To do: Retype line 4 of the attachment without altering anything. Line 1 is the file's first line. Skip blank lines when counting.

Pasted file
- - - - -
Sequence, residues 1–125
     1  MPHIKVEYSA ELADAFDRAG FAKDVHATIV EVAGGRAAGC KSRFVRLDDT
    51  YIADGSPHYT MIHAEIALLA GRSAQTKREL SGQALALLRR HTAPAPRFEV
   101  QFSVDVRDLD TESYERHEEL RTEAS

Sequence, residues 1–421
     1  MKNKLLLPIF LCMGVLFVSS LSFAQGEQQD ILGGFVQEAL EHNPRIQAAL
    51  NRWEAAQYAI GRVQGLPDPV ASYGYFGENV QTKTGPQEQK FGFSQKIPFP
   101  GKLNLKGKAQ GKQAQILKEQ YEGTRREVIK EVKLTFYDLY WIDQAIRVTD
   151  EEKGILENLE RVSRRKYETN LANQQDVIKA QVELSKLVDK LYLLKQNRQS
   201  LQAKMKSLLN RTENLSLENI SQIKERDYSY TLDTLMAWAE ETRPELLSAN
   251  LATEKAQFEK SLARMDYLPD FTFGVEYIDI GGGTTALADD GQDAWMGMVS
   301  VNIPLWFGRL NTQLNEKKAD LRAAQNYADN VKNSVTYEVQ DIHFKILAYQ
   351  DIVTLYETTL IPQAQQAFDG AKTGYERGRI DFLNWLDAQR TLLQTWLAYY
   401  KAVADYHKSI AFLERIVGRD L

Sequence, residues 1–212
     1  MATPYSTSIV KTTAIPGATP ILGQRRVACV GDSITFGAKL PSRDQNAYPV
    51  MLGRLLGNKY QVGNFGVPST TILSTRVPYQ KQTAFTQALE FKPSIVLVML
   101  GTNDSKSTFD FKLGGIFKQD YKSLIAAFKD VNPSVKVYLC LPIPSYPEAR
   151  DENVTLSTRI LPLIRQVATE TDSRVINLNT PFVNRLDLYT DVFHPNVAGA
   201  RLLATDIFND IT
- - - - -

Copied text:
   101  QFSVDVRDLD TESYERHEEL RTEAS